Last week at the Lighthouse school I did a very simple experiment with the third graders that explains this concept extremely easily and clearly. I brought in one of my favorite items, a Sodaclub/Sodastream soda maker which injects pressurized carbon dioxide gas into water held in reinforced liter bottles for instant seltzer water at a fraction of the cost and a big saving to the environment (no plastic bottles to discard). You can add all kinds of flavorings and make your own carbonated beverage. I call it “pop” in one of my many obvious Okie mannerisms (to see what carbonated beverages are called in various states check out http://popvssoda.com/). Anyway, back to class, this device is easily portable and kids love it and it helps me explain ocean acidification in less than a minute! We take tap water, measure the pH using fine scale pH paper; then carbonate the water and measure it again. Normally the pH drops by at least 1 unit (10 times the acidity) in moments. We are able to experiment with warm or cool water to look at other properties of gasses in liquids.
When scientists first started recording these more acidic conditions in the oceans (less basic), they thought this meant all shelled organisms would have a tougher time making their shells; but it appears (according to work done by University of North Carolina researcher Justin Ries) that there are winners and losers. Researchers grew 18 different species of economically and ecologically important marine calcifiers (creatures that make their shells out of calcium carbonate) at various levels of CO2 predicted to occur over the next several centuries. When CO2 combines with water, it produces carbonic acid, raising the overall amount of carbon in seawater but reducing the amount of the carbonate ion used by organisms in their calcification.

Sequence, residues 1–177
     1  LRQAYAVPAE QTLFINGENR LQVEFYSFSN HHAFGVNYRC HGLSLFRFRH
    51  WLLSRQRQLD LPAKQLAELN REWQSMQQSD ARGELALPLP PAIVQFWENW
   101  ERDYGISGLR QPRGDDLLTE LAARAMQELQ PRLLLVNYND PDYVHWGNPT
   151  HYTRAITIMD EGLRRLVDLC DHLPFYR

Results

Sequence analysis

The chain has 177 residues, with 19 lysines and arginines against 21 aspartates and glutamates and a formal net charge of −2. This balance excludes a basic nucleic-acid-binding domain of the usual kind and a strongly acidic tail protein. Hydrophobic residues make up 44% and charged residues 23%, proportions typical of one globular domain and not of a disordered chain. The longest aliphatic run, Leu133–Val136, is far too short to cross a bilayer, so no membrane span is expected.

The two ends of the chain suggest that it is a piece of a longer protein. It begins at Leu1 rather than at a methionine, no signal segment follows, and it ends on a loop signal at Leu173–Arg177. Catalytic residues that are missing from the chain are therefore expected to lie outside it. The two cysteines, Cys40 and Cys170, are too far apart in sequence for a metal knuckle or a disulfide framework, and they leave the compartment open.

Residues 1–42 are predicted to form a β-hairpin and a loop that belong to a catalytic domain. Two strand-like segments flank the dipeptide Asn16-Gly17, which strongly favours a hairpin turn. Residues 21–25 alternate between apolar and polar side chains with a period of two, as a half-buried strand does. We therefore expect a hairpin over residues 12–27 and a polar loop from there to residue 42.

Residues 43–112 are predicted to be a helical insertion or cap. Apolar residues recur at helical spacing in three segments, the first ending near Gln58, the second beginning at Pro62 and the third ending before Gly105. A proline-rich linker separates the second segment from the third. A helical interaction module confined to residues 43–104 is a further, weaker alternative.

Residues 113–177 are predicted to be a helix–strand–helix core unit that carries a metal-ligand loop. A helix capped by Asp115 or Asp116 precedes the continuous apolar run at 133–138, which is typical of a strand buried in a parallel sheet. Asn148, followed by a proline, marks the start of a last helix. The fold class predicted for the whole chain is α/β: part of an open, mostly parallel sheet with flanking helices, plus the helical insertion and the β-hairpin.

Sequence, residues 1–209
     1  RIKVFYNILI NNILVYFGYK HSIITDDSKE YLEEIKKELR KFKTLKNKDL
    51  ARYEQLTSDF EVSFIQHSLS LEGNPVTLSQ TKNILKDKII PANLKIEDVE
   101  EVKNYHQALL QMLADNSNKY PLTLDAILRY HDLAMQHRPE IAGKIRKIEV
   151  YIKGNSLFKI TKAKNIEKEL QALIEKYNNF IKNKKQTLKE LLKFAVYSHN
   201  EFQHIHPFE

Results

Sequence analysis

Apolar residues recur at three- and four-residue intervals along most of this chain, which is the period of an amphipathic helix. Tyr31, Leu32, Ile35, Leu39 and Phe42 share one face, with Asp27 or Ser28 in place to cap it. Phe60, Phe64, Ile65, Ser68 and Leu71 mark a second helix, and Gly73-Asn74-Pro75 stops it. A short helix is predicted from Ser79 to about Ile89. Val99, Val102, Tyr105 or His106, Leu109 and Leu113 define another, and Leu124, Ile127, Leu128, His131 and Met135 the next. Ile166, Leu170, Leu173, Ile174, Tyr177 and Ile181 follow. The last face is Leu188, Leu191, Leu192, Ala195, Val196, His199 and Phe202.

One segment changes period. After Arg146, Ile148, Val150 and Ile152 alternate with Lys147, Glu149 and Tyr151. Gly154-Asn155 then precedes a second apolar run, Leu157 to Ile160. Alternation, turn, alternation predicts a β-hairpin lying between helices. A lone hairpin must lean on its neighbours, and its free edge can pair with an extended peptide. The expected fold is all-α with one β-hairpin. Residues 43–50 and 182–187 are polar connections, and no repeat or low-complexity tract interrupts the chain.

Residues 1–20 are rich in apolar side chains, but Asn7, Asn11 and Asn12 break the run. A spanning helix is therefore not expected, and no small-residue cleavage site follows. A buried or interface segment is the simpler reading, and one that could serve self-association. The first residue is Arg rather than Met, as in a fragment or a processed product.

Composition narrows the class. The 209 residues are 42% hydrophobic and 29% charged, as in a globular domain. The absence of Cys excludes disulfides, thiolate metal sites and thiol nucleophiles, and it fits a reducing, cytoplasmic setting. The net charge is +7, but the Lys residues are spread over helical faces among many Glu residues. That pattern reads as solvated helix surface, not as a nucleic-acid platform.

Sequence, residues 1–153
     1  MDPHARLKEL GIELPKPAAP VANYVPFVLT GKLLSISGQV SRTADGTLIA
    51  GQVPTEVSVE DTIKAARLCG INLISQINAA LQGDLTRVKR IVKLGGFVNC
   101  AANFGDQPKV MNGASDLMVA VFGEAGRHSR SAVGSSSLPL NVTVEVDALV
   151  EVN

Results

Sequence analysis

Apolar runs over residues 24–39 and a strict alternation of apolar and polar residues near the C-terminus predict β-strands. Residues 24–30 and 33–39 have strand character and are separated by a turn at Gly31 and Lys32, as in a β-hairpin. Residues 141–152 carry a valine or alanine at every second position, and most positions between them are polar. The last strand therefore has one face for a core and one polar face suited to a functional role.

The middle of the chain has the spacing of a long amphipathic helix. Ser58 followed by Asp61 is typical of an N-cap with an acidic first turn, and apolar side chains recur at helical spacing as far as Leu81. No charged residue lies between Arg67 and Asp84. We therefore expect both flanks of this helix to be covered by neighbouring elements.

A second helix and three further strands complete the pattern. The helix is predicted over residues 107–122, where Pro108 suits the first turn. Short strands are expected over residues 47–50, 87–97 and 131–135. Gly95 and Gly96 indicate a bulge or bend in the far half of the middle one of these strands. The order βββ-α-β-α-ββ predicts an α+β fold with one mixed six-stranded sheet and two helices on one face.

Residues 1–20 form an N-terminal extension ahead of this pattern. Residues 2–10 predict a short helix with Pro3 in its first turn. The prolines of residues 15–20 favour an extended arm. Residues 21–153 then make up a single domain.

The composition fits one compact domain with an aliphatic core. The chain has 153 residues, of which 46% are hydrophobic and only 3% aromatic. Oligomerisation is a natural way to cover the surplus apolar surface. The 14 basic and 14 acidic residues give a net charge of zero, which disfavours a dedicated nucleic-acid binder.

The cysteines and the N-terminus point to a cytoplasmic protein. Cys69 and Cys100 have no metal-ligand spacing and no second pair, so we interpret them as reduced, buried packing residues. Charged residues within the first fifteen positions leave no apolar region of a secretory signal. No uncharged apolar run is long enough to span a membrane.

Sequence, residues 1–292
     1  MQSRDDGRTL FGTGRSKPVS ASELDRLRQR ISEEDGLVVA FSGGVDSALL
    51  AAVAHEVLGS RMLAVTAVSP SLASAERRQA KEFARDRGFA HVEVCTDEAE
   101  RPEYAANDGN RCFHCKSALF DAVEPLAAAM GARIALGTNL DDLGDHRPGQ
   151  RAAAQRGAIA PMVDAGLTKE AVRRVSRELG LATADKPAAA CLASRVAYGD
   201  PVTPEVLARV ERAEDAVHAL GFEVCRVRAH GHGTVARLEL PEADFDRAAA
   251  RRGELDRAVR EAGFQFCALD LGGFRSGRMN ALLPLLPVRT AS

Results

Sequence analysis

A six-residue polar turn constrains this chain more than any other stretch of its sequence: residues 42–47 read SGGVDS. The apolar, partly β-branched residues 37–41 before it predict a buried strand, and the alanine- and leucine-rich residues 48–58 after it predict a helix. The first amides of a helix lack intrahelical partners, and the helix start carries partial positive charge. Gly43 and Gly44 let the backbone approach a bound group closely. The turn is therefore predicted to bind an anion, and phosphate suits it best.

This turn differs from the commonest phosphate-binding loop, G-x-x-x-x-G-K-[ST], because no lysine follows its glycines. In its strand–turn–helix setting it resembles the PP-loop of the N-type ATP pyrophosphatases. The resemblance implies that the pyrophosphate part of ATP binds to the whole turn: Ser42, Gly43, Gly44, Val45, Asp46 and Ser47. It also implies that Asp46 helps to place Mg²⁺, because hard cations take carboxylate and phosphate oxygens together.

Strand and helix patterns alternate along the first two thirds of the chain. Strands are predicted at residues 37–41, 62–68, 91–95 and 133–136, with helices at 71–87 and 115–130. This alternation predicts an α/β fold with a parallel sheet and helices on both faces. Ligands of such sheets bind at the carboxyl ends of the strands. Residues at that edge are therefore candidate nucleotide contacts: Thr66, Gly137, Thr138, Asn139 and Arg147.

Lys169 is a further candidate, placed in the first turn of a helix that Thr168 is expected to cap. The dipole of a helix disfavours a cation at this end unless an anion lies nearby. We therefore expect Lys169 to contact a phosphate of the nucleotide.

Seven species (crabs, lobsters, shrimp, red and green calcifying algae, limpets and temperate urchins) showed a positive response, meaning they calcified at a higher rate and increased in mass under elevated CO2. Ten types of organisms (including oysters, scallops, temperate corals and tube worms) had reduced calcification under elevated CO2, with several (hard and soft clams, conchs, periwinkles, whelks and tropical urchins) seeing their shells dissolve. One species (mussels) showed no response. This is, of course, a worry for us on Nantucket because we depend on many of these fisheries. There may be relatively simple ways to offset this pH change locally and scientists on the Cape and Islands are investigating how effective efforts like returning shells back to the harbors to buffer the water might be in balancing out the added carbon dioxide input. Of course the coral reefs that have been suffering from bleaching do not need the added stress of a dissolving infrastructure.
I’d prefer to end on an upbeat note and tie back into the start of our story, so what is your guess on the typical pH of beer? Why of course Søren Sørensen would know that it is 4.5. For the blog of the week this week, I went to The New York Times Green Blog (http://green.blogs.nytimes.com) for an article on ocean acidification that ties in much of the recent information concerning large events in the past relative to ocean pH, check out http://www.sciencemag.org/content/335/6072/1058.abstract for more.